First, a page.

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Making of “Junkasaurus at Sunset”

In this tutorial Jim Moore describes the process of “Junkasaurus at Sunset” creation.


I created this piece a few years ago as part of a competition on an art community site. The theme was simply to create a creature from from everyday objects. I immediately became intrigued with the idea of using playground equipment as my material, but I knew I wanted to give it some context as well-I wanted to create a world for this creature to live in as well. At this point I begin doing rough sketches to figure out the kind of mood I’m looking for.

Along with mood, at this point I’m also trying to figure out the staging of the scene: where should each element go in order to convey the idea I’m trying to achieve? If the camera is on his face, we’ll see his expression, but is his expression more important than his pose? Or his environment? Or even what he might be looking at?

The Reference

Something I’ve picked up from working on projects with tight deadlines is to create reference master sheets with all my photo material on a single document. This way I can easily sample from, refer to, and choose elements from my reference in a single glance. One important thing with these sheets is to try to equalize the sizes for all the material as much as possible, because the natural tendency is to overuse the larger images and ignore the smaller ones. Here you see the sheet for just the playground equipment…this will become my visual language as I construct my beast.

Putting the Scene Together

When creating a scene with a good deal of depth, it’s almost always best to work from farthest from the camera to closest. Here I start in on the clouds using a variety of custom brushes that give me irregular edges that emulate cloud shapes.

For the piles of junk that make up the landscape, A high level of detail is necessary to create a convincing shape. The general forms are defined in the sketching stage, but for detailing, photomaterial can easily be dropped in and integrated. I see a lot of industry work that leans very heavily on photo material and it’s obvious when there’s no foundation of art knowledge to back up all the copy/pasting. For that reason I try not to rely on it too much, but with the realities of deadlines and all, sometimes it’s simply the only way to go. Here I assemble a mish-mash of junky bits, then go over it a bit with a brush to to get it to sit in the scene a little better.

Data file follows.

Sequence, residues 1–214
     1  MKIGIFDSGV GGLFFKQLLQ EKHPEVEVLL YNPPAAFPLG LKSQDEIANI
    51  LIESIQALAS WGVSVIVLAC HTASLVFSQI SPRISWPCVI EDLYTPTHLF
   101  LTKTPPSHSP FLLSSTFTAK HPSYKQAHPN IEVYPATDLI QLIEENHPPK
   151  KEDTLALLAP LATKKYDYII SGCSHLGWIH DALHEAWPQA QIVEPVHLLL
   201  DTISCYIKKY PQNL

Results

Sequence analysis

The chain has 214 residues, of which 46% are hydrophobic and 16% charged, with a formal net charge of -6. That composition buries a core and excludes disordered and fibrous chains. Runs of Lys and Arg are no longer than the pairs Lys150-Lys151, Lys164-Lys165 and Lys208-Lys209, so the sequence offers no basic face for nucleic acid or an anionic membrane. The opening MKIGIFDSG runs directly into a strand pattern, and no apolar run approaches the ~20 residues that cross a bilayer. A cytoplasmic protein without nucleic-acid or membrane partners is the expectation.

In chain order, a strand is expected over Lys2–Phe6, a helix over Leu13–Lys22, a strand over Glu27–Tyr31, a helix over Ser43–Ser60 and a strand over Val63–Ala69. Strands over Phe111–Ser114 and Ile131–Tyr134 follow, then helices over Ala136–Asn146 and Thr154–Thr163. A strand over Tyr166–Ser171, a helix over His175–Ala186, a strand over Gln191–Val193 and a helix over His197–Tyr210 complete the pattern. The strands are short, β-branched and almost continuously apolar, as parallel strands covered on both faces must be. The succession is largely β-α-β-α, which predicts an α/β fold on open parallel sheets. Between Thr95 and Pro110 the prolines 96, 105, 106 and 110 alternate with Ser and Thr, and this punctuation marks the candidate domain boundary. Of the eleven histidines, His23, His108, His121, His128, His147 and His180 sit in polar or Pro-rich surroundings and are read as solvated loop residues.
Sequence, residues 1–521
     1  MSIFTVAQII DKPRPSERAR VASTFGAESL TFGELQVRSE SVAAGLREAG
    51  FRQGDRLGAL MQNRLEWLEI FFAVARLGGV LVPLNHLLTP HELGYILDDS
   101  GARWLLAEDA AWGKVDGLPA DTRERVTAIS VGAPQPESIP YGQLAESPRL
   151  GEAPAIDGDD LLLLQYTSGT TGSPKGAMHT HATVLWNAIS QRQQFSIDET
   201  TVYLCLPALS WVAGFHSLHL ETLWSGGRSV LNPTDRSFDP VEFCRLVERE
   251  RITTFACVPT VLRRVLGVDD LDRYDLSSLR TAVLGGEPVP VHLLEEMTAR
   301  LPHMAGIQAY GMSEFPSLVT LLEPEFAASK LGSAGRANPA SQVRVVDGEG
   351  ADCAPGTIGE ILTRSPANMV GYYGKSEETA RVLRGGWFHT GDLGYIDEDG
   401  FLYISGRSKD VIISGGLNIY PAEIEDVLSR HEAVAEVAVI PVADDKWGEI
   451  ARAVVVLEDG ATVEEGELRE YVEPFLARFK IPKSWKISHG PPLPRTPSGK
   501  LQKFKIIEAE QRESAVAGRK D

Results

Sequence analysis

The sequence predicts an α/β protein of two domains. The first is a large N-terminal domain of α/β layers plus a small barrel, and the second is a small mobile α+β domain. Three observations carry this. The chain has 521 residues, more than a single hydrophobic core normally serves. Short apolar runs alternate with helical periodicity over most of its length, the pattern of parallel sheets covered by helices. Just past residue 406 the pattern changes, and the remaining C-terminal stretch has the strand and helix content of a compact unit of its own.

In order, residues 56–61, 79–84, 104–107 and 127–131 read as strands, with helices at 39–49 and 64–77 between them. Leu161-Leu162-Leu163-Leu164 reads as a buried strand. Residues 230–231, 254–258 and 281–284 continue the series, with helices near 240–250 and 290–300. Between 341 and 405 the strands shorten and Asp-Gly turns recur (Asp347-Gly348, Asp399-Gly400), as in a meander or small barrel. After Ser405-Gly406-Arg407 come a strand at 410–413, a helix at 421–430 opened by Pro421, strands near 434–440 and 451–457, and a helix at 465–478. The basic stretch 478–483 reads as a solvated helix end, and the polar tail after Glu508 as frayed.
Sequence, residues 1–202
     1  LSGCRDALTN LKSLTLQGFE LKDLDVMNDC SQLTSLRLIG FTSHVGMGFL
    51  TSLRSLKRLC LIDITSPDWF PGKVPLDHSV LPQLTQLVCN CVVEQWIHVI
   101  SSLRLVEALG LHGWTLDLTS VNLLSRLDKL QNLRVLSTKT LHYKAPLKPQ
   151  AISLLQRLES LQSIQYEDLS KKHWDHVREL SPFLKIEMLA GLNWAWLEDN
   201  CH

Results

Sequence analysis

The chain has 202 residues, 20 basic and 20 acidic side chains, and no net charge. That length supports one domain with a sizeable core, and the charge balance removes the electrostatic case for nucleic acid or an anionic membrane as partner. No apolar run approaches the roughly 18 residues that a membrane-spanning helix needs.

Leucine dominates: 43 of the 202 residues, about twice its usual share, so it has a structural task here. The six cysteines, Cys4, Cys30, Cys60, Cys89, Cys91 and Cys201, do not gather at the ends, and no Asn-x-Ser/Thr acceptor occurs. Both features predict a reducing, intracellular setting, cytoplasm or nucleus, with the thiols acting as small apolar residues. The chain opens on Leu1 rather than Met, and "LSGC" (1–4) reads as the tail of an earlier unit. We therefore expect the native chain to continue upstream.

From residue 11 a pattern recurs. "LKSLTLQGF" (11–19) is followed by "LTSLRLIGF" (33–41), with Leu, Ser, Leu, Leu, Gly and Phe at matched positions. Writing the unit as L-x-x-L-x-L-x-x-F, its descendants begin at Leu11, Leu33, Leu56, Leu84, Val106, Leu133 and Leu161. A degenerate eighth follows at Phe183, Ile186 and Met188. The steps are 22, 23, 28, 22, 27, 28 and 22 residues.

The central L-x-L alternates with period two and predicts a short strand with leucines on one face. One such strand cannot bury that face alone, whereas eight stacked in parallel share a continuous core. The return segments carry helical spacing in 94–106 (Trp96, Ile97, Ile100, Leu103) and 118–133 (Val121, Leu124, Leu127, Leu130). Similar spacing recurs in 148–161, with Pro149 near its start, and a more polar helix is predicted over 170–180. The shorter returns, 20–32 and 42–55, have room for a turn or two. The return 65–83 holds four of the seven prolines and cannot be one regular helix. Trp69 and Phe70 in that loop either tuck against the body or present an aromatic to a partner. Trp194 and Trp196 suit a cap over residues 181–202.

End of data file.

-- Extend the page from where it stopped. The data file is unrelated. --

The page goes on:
To sum it up, photo material is like underwear: It’s very handy when used properly, but don’t leave it hanging out for people to see.


Bringing the scene to a finished state is a process of refining shapes values and colors that begins all the way back in the sketch stage. It’s often helpful to get away from your work for a bit and come back with fresh eyes…I often find fairly obvious things to fix after taking a break. Here, I’ve caught something I missed earlier: this hill of junk feels a bit too close to the one in the foreground. Using the transform tool, I squish the base of the pile which both causes it to sit further back in space and also conform to the vanishing point.

Here’s an interesting color problem that comes up from time to time. This area falls in what should be a high contrast ( stronger lights and darks) and high saturation ( brighter colors) area due to it’s vicinity to the camera. However, since it’s in a shadow area, it’s not receiving direct light from the primary source ( the setting sun ), but only indirect ambient lighting from the cool dark area of the overhead sky.

Now, as this area recedes from the camera, the objects there lose their local color ( the color of the object ) and pick up more atmospheric color, which is good because you don’t want this block of monochromatic shapes this close to the camera. At the same time, it should also be transisting from dark to light as you go towards the camera due to the bounce light having a greater effect as you get closer.
So this sounds like a lot of things to think about at one time but the answer is actually simple, though counter intuitive: using either your sponge tool or a gradient mask, desaturate the area carefully as it nears the camera. As this area loses the strong blue/purple tones and becomes greyer, it will also gradually pick up the complimentary color-reddish/orangish- due to optical color mixing. With this as a baseline, all you need is a touch of local color in to the object to give it a better sense of light and depth.

Parting Thoughts

I don’t see a lot in tutorials about narrative and I find it’s a thing that’s lacking in the concepting industry. Much of the time it’s enough to just draw a spaceship or a guy in costume, and as a result I think some of us artists in the industry today don’t get to develop our sense of storytelling. I do my best to think story-first when beginning a new concept, because that tends to lead to more interesting results visually as well. In this case I didn’t want to simply concept a crazy monster made of junk, and then some background around him. I wanted to create a specific time and place, and that thought effected every decision from the time of day to the pose of the main character. Hopefully these details help to create a more immersive scene.

I hope this tutorial was helpful. If you liked it let me know and I can try to make time for more in the future. Let me know if you have any questions and I’ll try to give you an answer. Feel free to visit my blog at:

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About The Author

Jim Moore Jim Moore is a concept artist and illustrator with over 10 years experience in the entertainment industry. You can visit his blog at http://jimsdrawingboard.blogspot.com and contact him at jmoore516@gmail.com

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